From the boot company, it’s a quick trip to our favorite Bastrop place for R&R, the Hyatt Regency Lost Pines Resort & Spa. After a couple of days of traipsing through art finds, we’re ready for healing artistry for the body. Using Texas-made FarmHouse Fresh products, the massage therapists work us over with a sea-salt scrub and soothe us with agave nectar oil. So revived, we head to the resort’s Shellers Barrelhouse Bar for live local music.
But it’s my hankering for culinary artistry that leads me upstairs from Shellers to Stories, the resort’s stylish dining spot. There, chef Nate Parnell crafts work that I think of as art on the plate: risotto gets a treatment hinting at the arrival of fall, accented with corn, zucchini, and a dash of curry, with delicate lamb chops on top; and a seared snapper dish tantalizes with its decorative tangle of carrot ribbons and accompanying delicate white asparagus.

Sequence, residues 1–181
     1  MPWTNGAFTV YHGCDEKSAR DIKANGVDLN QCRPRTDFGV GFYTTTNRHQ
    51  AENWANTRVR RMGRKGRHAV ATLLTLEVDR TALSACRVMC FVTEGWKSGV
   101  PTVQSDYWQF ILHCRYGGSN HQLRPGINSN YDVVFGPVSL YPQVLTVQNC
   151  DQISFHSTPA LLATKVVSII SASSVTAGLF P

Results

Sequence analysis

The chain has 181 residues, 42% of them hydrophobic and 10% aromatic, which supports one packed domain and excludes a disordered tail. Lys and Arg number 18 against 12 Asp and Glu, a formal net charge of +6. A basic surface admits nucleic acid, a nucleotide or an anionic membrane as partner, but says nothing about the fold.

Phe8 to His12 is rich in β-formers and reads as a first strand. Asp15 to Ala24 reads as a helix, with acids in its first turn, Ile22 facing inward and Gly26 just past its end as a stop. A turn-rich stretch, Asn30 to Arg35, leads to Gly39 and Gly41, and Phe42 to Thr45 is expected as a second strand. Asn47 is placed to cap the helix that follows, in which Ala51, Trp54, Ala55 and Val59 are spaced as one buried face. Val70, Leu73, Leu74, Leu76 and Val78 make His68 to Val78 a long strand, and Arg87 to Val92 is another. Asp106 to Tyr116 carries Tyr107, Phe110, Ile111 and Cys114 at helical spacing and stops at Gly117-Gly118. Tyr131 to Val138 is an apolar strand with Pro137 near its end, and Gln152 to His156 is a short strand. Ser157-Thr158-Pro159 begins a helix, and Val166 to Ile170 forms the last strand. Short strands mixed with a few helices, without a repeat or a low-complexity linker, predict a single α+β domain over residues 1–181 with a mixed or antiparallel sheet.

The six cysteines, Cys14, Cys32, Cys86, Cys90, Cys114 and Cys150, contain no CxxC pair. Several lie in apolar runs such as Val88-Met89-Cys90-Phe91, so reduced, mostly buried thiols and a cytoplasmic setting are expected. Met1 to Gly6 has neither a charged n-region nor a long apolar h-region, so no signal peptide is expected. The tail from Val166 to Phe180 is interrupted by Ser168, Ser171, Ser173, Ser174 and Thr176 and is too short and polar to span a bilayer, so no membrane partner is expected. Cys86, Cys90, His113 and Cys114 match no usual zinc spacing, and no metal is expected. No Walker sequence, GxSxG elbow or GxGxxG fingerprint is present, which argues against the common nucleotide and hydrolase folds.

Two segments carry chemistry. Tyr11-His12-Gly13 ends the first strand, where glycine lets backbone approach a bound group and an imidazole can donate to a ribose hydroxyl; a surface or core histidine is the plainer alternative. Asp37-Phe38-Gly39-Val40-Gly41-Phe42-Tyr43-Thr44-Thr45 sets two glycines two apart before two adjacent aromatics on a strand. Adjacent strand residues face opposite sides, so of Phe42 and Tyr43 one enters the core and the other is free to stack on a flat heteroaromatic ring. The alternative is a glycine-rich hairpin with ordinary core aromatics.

Before leaving the Hyatt Lost Pines resort, we walk through the hummingbird garden and butterfly meadow en route to pay a visit to the resident Longhorns, T-Bone and Ribeye. Nature’s artwork, including the beautifully colored hides of the friendly animals, never fails to amaze.
As we point the car toward home, we have to make one more stop for the culinary creativity we always find in Bastrop. As much as we love the town’s new art appeal, the trip isn’t complete until we tuck into a piece of coconut chess pie at Maxine’s Cafe, located on Main Street. A work in butter and sugar, we’re just sorry it can’t be framed.
For information about visiting Bastrop, call the Bastrop Museum and Visitor Center, 512/303-0904.